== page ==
Business chemistry

Content chemistry
A 2012 business chemistry cover stylized book by American marketing theorist Andy Crestodina (Ѻ).
In human chemistry, business chemistry is the application and chemistry principles, e.g. catalyst (human catalyst), synthesis (planning), emulsification (human emulsifiers), reaction (human chemical reactions), transition state (e.g. start-ups), collision theory (e.g. mergers), bonding structure (infrastructure), etc., to the study, modeling, and management of business operations.

The first to pioneer this subject, in large part, was American chemical engineer William Fairburn who, in 1914, outlined the view that a factory, for example, can be considered as a reactive system (or beaker), such that that the foreman acts as the "human chemist", aligning proper work reactions between individuals, and that in this sense, a manager must study the basic principles of chemistry so to intelligently perform their occupation. Fairburn suggested that workers may be classified by their energy, entropies, and properties, even explaining how some people can act as human emulsifiers, functioning to cause a mixing of unmixable groups or components, just as soda or gum Arabic, act to cause oil and water to blend. [1]

In 1921, American chemist-turned-consultant Arthur Little outlined the field of business chemistry as such:

Chemistry is the science that deals with the properties of matter and the changes which they undergo. Whether you know it or not, chemistry is, therefore, a partner in your business. As wise businessmen you carefully take into account the man-made laws of legislature and congress. Chemistry [however] has laws of its own that are not man-made: laws beyond the power of any legislature or congress to repeal. What do you know about them, or how far do you take them into account in the conduct of your business?”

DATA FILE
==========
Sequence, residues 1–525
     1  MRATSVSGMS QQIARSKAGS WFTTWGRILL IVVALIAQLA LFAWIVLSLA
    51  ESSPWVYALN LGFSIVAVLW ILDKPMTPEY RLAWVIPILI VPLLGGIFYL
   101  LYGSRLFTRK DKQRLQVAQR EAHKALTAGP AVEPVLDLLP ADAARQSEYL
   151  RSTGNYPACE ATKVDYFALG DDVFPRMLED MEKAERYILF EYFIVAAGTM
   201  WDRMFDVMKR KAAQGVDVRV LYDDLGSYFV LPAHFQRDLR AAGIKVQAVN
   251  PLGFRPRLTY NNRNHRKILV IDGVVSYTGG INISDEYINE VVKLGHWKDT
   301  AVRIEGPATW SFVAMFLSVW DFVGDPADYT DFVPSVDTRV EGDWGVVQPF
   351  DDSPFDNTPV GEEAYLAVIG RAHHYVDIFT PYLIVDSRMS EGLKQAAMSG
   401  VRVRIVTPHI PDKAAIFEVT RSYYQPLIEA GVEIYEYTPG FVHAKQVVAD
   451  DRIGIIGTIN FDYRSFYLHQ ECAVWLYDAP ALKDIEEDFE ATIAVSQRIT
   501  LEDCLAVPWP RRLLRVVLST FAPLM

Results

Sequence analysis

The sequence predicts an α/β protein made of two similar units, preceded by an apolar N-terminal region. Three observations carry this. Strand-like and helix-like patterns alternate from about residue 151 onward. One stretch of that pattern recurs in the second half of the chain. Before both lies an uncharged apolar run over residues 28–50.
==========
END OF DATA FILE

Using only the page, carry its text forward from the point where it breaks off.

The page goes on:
On this basis, Little suggests that each business hire its own chemist to consult them. [2]

To clarify, there are two ways in which the term ‘business chemistry’ is used: one in the sense of modeling a business as a chemical laboratory, test tube, work-producing reactive engine, etc., in which one applies the principles of chemistry, modeling people as chemical elements or human molecules, to facilitate business operation; the other in the sense of someone who, for example, has a degree in chemistry, but then goes to business school to learn to become a manager at a chemical or pharmaceutical plant. In the former sense of the term, one has to adopt the human chemistry/‘human molecule’ point of view of business operation; in the latter sense of the term, Southern Oregon University, for example, offers a ‘business-chemistry’ major, requiring coursework in both chemistry and business, at about a 50/50 ratio. [3]

Business thermodynamics
The connective field of business thermodynamics, specifically concerns the topics of thermodynamics, e.g. studies on energy, entropy, enthalpy, chemical potential, efficiency, system, etc., applied to business.

1. Fairburn, William Armstrong. (1914). Human Chemistry. The Nation Valley Press, Inc.
2. (a) Little, Arthur D. (1921). “The Place of Chemistry in Business”, Industrial & Engineering Chemistry, 13 (5): 386-91.
(b) Little, Arthur D. (1922). “The Place of Chemistry in Business”, The Technology Review, 25: 360-62.
(c) Little, Arthur D. (2009). “The Place of Chemistry in Business” (PDF), Journal of Business Chemistry, 6 (2): 57-63.
3. Business-Chemistry (major) - Southern Oregon University.

External links
Journal of Business Chemistry (aim and scope) –

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